"Is that all?"
"Yeah, on Lamm..."
"What about Mickel?"
"Pretty sad. He committed suicide in 1984 at the age of thirty-four. Shot himself in the right temple with a Smith & Wesson .357. He left a lengthy farewell letter in which he told his ex-wife he hoped she would forgive him and all that crap. Said goodbye to the kids and his mother. Real touching."
"Was it in his handwriting?"
"Not exactly. It was typed, which was not unusual, because he typed a good bit. He had an IBM Selectric in his office, and the letter came from it. He had a terrible handwriting."
"So what's suspicious?"
"The gun. He never bought a gun in his life. No one knows where it came from. No registration, no serial number, nothing. One of his friends in The Firm allegedly said something to the effect that Mickel had told him he had bought a gun for protection. Evidently he was having some emotional problems."
"What do you think?"
Lomax threw his cigarette butt in the frozen rain on the sidewalk. He cupped his hands over his mouth and blew in them. "I don't know. I can't believe a tax lawyer with no knowledge of guns could obtain one without registration or serial number. If a guy like that wanted a gun, he would simply go to a gun shop, fill out the papers and buy a nice, shiny new piece. This gun was at least ten years old and had been sanitized by professionals."
"Did the cops investigate?"
"Not really. It was open and shut."
"Did he sign the letter?"
"Yeah, but I don't know who verified the signature. He and his wife had been divorced for a year, and she had moved back to Baltimore."
Mitch buttoned the top button of his overcoat and shook the ice from his collar. The sleet was heavier, and the sidewalk was covered. Tiny icicles were beginning to form under the barrel of the cannon. The traffic slowed on Riverside as wheels began to slide and spin.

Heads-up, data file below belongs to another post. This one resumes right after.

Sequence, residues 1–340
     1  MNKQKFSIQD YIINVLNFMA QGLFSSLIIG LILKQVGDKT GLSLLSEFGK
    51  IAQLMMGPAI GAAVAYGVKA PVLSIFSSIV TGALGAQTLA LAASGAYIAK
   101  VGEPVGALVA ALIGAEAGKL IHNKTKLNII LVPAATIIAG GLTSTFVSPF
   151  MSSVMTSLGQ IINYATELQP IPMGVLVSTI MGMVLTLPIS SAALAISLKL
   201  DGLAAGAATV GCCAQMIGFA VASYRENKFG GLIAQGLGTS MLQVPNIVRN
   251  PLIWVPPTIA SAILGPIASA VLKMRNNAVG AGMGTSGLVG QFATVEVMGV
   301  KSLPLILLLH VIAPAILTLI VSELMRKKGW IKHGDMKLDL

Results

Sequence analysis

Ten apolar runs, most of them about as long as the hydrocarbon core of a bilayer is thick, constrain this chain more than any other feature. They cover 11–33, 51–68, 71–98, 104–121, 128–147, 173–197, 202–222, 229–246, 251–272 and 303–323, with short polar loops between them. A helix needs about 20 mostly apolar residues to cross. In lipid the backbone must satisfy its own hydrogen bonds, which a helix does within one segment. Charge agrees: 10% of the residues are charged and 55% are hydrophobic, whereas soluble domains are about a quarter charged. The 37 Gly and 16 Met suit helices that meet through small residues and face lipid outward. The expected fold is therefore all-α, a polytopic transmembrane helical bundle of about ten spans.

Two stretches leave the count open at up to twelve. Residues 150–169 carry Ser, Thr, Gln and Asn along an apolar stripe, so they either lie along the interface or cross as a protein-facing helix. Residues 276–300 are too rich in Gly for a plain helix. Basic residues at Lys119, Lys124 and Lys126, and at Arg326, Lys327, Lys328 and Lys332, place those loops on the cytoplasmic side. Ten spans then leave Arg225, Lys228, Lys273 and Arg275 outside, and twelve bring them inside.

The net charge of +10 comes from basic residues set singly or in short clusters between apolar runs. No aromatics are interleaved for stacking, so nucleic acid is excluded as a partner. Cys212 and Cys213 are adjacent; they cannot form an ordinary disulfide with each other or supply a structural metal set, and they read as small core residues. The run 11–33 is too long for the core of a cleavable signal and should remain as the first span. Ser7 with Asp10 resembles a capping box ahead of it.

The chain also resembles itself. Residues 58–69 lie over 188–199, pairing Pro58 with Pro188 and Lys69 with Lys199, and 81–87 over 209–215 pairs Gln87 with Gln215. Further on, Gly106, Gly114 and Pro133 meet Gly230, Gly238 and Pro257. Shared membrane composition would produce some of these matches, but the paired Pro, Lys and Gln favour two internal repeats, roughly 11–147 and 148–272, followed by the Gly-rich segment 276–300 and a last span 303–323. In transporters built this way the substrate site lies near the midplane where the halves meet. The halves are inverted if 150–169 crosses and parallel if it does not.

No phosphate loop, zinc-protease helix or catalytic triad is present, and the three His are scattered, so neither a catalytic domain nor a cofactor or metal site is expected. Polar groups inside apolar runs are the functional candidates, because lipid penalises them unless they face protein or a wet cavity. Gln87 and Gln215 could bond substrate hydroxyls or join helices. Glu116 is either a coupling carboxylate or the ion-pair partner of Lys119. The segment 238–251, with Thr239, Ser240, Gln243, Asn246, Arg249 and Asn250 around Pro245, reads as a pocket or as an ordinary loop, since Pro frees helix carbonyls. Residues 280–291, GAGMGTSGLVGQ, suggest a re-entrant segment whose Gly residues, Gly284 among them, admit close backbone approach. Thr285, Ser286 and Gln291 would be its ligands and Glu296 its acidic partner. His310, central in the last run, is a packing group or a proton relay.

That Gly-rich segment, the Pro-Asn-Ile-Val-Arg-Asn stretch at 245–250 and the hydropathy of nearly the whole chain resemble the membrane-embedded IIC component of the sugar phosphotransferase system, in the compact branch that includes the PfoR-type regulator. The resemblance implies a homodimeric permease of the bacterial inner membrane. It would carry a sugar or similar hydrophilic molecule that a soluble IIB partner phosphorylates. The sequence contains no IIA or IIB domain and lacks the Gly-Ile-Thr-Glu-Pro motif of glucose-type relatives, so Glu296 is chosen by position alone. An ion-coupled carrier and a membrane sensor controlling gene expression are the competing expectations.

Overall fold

"So what do you think of our little firm?" Mitch asked as he stared at the river in the distance.
"It's a dangerous place to work. They've lost five lawyers in the past fifteen years. That's not a very good safety record."
"If you include Hodge and Kozinski. I've got a source telling me there are some unanswered questions."
"I didn't hire you to investigate those two."
"And I'm not charging you for it. I got curious, that's all."
"How much do I owe you?"
"I'll pay cash. No records, okay?"
"Suits me. I prefer cash."
Mitch turned from the river and gazed at the tall buildings three blocks from the park. He was cold now, but in no hurry to leave. Lomax watched him from the corner of his eye.
"You've got problems, don't you, pal?"
"Wouldn't you say so?" Mitch answered.
"I wouldn't work there. I mean, I don't know all that you do, and I suspect you know a lot you're not telling. But we're standing here in the sleet because we don't want to be seen. We can't talk on the phone. We can't meet in your office. Now you don't want to meet in my office. You think you're being followed all the time. You tell me to be careful and watch my rear because they, whoever they are, may be following me. You've got five lawyers in that firm who've died under very suspicious circumstances, and you act like you may be next. Yeah, I'd say you got problems. Big problems."
"What about Tarrance?"
"One of their best agents; transferred in here about two years ago."
The wino rolled from under the bronze horse and fell to the sidewalk. He grunted, staggered to his feet, retrieved his cardboard box and quilt and left in the direction of downtown. Lomax jerked around and watched anxiously. "It's just a tramp," Mitch said. They both relaxed.
"Who are we hiding from?" Lomax asked.
"I wish I knew."
Lomax studied his face carefully. "I think you know."
Mitch said nothing.
"Look, Mitch, you're not paying me to get involved. I realize that. But my instincts tell me you're in trouble, and I think you need a friend, someone to trust. I can help, if you need me. I don't know who the bad guys are, but I'm convinced they're very dangerous."
"Thanks," Mitch said softly without looking, as if it was time for Lomax to leave and let him stand there in the sleet for a while.
"I would jump in that river for Ray McDeere, and I can certainly help his little brother."
Mitch nodded slightly, but said nothing. Lomax lit another cigarette and kicked the ice from his lizard-skins. "Just call me anytime. And be careful. They're out there, and they play for keeps."